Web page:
Monday, June 30, 2008


This is a beginning of sorts. It is my first post on this blog. But all beginnings are but continuations of some other previous beginning, or a return to some previously entertained idea. Thought is not as linear as we may believe. While Western tradition presents it as so, with the "I think, therefore I am" orientation, Eastern thought is grounded in a more universal, infinite foundation; in a world of no real beginnings or endings. This is the philosophy behind the "Enso" of Zen thought. Taoism says that we come from "Wuji", or the void, and will always return. Rather than "I think, therefore I am", Eastern philosophy posits "I am, therefore I think."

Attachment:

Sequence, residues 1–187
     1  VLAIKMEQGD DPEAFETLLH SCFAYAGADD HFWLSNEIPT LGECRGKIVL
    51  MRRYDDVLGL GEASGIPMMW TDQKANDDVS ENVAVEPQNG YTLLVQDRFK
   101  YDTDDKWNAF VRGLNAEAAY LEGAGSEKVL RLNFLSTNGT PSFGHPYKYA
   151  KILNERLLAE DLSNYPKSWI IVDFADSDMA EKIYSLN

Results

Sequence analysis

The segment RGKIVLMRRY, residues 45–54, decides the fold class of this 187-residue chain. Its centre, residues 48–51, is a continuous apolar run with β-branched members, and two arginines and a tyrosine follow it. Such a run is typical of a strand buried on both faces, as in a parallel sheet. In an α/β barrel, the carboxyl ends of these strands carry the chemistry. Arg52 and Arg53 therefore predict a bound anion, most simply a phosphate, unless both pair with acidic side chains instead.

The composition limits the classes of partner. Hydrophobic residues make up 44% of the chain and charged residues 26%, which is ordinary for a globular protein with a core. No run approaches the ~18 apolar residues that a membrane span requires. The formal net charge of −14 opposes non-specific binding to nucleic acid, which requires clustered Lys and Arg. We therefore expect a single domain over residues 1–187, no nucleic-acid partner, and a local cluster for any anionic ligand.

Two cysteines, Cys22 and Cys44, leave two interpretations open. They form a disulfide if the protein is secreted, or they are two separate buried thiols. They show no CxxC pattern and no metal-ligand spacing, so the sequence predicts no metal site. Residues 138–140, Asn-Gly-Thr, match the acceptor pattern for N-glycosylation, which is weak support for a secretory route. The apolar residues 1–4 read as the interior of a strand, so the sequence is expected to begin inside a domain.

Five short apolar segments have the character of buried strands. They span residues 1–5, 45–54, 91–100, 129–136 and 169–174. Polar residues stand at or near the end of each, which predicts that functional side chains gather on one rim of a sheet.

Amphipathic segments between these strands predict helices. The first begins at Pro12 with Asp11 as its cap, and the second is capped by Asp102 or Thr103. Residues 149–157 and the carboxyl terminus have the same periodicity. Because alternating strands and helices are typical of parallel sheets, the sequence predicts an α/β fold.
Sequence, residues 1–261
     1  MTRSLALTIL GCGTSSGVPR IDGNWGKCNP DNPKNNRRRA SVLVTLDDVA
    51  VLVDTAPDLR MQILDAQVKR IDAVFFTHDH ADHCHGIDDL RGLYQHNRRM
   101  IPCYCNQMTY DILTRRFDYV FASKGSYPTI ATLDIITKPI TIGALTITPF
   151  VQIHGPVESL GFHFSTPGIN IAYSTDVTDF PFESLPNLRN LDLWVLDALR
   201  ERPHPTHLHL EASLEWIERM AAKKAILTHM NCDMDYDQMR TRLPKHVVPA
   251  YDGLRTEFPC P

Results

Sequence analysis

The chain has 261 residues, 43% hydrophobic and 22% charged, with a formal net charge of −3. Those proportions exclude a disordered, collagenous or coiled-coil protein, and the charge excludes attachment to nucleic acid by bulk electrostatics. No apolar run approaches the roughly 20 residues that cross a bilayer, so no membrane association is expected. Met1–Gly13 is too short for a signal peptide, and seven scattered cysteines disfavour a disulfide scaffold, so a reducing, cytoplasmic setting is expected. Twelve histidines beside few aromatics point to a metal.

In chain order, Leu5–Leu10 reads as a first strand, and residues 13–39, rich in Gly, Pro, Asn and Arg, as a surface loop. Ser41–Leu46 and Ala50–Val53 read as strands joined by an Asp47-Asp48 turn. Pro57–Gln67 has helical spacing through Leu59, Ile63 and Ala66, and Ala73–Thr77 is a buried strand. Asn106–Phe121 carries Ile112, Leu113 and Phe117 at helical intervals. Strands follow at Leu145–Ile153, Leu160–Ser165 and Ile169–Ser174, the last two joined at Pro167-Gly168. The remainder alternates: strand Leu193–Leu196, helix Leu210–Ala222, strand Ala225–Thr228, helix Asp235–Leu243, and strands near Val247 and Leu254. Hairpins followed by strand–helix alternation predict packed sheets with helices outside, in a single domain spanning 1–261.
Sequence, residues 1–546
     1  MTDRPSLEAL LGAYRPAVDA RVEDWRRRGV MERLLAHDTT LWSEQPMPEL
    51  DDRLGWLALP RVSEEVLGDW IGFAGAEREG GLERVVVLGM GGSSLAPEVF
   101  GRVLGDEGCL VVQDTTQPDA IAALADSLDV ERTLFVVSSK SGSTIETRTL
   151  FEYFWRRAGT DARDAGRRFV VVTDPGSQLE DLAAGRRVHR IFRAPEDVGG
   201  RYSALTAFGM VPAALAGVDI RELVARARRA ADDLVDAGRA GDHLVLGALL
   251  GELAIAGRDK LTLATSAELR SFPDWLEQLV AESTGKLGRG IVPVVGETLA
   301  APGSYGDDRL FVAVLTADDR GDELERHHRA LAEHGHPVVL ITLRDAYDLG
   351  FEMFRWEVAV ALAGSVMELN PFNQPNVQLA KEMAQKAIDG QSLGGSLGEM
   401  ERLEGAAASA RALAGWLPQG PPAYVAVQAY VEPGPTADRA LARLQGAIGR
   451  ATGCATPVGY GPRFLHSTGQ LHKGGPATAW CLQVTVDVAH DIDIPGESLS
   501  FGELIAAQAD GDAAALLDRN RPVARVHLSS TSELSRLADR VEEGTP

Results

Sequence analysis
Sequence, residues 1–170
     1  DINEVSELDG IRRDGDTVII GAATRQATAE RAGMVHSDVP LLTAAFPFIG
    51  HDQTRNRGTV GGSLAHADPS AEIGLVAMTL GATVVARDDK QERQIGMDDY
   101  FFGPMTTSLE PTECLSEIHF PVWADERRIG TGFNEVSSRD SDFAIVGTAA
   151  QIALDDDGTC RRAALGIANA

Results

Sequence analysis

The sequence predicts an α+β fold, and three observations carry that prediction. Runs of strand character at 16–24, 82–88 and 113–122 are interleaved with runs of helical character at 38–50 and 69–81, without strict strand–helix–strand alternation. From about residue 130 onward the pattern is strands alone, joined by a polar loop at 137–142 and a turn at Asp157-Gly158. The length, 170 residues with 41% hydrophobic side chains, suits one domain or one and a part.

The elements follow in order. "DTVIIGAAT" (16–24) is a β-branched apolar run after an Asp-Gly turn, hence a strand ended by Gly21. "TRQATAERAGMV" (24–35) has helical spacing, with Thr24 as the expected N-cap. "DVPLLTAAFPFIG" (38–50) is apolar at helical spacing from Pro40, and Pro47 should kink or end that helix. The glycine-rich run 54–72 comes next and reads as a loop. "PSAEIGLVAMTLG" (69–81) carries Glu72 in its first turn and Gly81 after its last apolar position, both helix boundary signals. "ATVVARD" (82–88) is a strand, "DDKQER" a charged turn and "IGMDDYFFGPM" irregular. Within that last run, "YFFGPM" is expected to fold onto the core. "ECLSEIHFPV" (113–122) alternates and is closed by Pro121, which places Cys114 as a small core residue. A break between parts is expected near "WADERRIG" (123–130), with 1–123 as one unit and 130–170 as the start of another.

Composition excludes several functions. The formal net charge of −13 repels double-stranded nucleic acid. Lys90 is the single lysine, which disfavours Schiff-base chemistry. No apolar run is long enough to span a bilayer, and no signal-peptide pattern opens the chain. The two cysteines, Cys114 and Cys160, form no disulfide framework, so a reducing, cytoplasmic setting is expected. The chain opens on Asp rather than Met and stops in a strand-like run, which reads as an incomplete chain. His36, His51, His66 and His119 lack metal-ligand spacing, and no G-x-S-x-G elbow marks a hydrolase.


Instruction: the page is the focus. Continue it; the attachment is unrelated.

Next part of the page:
I am, needless to say, intrigued by and interested in Eastern philosophy. I am sure that will manifest itself in this journal. However, I do not and can not discount Western philosophy. I have another blog at that is concerned with reason, economics, and politics that reflects my firm belief in rational thought, individualism, and human possibility. While many will see a dichotomy, I see none. Personal philosophy is just that, personal. The philosopher's goal is to search for synchronicity. My findings to that end may show up in these entries. But more likely this will serve as a forum for my thoughts of a mystical nature.